> From: bgw <[EMAIL PROTECTED]>
> How does "draw with transparency" differ from using eraser tool 
> with x% opacity?

Pencil and eraser are counterparts of course, but I wished for 
transparent color, not just transparent pencil (yes, it exists, and 
it is eraser).

> From: Chris Moller <[EMAIL PROTECTED]>
> Doesn't the Eraser Tool do what you need?  

Yes and no, see above.

> (Though maybe some 
> interesting effects could be gotten with an erasing airbrush that
> accumulated in the alpha  channel. 

Exactly! Because once you have transparency as your color you could 
use any tool which works with colors.

> From: Simon Budig <[EMAIL PROTECTED]>
> Well, historically new stuff always had to proove that it is better
> than the old stuff and I personally don't think that is a bad
> thing.

Of course.

> So how do you want to work with transparency? What should happen if
> you have a semi-transparent red and you paint on top of blue?

Good example, because it shows how natural transparent color is. The 
answer: you should get exactly the same effect if you have blue color 
and paint on top of semi-transparent red. It depends on mode and used 

> Currently it gets blended on top of the blue resulting in some kind
> of violet and that is a widely used feature to do natural looking
> paintings. I understand your proposal, that you actually want to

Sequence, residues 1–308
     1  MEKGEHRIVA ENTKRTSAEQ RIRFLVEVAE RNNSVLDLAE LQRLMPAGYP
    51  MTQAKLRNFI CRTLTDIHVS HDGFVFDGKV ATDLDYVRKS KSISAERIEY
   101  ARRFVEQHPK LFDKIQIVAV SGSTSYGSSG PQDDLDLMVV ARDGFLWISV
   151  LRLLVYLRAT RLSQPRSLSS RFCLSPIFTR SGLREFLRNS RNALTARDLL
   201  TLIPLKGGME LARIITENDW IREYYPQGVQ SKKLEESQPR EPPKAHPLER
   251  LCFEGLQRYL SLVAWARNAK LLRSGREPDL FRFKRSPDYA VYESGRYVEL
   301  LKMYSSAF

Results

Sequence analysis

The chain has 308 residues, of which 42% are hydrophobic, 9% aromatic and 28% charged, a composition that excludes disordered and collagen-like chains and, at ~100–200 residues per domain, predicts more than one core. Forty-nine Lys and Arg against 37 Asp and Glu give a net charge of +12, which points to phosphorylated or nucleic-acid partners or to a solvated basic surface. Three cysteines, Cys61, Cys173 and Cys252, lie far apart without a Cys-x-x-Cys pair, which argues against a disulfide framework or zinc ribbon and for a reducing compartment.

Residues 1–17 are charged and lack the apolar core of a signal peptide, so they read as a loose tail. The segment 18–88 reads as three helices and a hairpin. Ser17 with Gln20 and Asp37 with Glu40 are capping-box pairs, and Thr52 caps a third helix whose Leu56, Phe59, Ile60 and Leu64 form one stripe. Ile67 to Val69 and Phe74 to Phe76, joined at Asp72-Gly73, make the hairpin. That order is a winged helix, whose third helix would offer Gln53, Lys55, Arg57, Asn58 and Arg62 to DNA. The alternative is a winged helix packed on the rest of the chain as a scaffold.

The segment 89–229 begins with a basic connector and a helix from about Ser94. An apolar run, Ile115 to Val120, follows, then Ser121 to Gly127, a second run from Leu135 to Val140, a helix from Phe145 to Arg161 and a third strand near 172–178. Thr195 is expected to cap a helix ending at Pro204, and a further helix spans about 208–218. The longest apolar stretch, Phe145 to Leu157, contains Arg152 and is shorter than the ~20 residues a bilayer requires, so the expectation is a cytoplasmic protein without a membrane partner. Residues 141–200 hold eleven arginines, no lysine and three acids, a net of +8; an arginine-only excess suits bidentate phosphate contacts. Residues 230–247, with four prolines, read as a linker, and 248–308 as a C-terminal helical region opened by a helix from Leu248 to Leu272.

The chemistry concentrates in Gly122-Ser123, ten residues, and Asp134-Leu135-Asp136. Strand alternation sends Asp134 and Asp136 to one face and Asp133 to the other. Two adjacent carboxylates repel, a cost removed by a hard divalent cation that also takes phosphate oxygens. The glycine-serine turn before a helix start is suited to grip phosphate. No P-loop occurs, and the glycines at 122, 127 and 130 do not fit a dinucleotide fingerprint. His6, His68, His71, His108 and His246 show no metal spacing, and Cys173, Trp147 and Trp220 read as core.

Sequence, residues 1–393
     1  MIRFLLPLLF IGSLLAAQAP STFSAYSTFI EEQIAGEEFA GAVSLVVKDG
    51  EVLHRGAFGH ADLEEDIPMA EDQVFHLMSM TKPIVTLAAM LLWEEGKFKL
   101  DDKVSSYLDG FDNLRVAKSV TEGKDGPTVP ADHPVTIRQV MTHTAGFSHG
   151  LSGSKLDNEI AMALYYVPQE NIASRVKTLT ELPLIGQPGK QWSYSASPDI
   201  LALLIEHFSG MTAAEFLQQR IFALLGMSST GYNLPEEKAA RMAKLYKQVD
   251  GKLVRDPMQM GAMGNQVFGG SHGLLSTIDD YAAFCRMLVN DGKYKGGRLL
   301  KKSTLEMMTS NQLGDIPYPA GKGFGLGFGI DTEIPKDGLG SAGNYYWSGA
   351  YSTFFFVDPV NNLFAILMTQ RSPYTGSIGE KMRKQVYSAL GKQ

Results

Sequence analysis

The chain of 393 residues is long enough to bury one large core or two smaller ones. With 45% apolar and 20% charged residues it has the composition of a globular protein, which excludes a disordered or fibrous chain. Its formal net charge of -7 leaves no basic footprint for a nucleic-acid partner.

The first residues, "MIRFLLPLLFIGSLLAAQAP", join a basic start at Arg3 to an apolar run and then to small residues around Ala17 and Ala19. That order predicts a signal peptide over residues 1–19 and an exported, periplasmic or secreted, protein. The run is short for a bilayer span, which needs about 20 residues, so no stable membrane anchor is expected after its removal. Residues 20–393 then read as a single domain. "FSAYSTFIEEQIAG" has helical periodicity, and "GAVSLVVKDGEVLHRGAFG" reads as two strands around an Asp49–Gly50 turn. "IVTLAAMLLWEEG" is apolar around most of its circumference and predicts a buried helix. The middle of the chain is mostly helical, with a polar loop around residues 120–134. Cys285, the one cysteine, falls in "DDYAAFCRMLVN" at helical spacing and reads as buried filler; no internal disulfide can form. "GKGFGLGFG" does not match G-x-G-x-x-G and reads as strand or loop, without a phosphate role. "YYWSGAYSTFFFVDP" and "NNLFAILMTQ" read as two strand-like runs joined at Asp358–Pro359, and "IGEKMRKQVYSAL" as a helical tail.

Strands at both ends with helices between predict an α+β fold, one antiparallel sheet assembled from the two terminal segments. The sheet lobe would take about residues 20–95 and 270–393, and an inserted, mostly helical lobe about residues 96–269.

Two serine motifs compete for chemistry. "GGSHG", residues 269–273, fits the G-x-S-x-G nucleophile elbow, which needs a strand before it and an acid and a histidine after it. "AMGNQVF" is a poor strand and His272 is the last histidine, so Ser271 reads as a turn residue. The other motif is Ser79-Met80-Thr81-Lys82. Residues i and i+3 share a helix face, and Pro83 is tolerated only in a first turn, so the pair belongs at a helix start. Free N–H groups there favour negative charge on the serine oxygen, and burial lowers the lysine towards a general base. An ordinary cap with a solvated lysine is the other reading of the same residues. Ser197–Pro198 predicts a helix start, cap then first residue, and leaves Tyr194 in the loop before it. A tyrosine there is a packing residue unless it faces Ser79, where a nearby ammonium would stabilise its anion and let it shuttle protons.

> have a semi-transparent red in the image after painting?

Both answers are really correct -- see above.

> How is your new feature supposed to interact with tablets with
> varying pressure devices like tablets? Right now you can map the
> pressure information pretty naturally to the opacity. Your
> "replacement" approach for alphacolors would directly influence the
> images alpha channel, making it pretty tricky to lift off the pen
> without leaving a transparent spot (tablets tend to add some events
> at the end et the stroke with very low pressure).

I don't understand that paragraph:
a) the transparent color is not a replacement, I clearly stated this 
in original post, it is addition to the color palette
b) don't pick the transparent color if you don't need it

> How is your "replacement" approach supposed to work with multiple
> layers?

Again, it is not a replacement. 

Honestly, I didn't thought of this issue -- it can be done, but to 
achieve intuitive behaviour it should be well designed not to change 
too many things. So here is the problem now... pity.

> From: David Odin <[EMAIL PROTECTED]>
>   So your wishes are granted too. There are already tools for that
> in the gimp toolbox: eraser and smudge.

See above.

Kind regards,
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